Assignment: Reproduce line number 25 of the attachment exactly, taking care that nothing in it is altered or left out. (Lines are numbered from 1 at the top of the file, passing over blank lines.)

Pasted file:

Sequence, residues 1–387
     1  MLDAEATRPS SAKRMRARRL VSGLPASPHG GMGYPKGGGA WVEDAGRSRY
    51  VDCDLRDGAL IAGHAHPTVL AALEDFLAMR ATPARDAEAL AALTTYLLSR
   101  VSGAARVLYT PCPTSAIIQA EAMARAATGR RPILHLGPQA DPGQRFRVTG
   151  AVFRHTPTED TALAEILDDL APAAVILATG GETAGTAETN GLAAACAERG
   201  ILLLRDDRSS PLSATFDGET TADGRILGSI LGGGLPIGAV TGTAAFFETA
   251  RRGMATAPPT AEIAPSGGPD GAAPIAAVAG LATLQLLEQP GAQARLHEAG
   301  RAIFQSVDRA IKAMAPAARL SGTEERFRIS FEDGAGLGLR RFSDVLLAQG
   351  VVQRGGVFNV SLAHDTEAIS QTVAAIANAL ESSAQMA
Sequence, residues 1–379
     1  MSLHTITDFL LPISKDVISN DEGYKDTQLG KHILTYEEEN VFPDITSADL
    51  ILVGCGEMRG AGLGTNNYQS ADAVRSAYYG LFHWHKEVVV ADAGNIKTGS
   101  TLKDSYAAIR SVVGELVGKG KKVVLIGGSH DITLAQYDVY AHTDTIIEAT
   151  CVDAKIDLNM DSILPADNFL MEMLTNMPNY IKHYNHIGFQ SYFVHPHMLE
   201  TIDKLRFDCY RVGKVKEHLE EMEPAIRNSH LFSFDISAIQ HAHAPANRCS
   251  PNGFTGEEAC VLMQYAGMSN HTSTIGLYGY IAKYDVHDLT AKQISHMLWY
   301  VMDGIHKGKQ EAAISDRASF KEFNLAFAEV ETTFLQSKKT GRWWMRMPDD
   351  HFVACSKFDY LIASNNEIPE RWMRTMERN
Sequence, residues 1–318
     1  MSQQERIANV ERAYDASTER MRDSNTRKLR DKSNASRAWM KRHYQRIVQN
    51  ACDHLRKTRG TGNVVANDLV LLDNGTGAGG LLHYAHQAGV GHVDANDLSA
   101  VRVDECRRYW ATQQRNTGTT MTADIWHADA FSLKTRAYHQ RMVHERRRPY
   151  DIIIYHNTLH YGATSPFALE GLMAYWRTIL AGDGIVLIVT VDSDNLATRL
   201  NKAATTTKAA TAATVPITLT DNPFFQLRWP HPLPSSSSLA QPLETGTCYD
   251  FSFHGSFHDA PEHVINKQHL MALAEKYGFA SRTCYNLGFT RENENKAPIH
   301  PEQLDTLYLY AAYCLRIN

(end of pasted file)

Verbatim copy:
   251  FSFHGSFHDA PEHVINKQHL MALAEKYGFA SRTCYNLGFT RENENKAPIH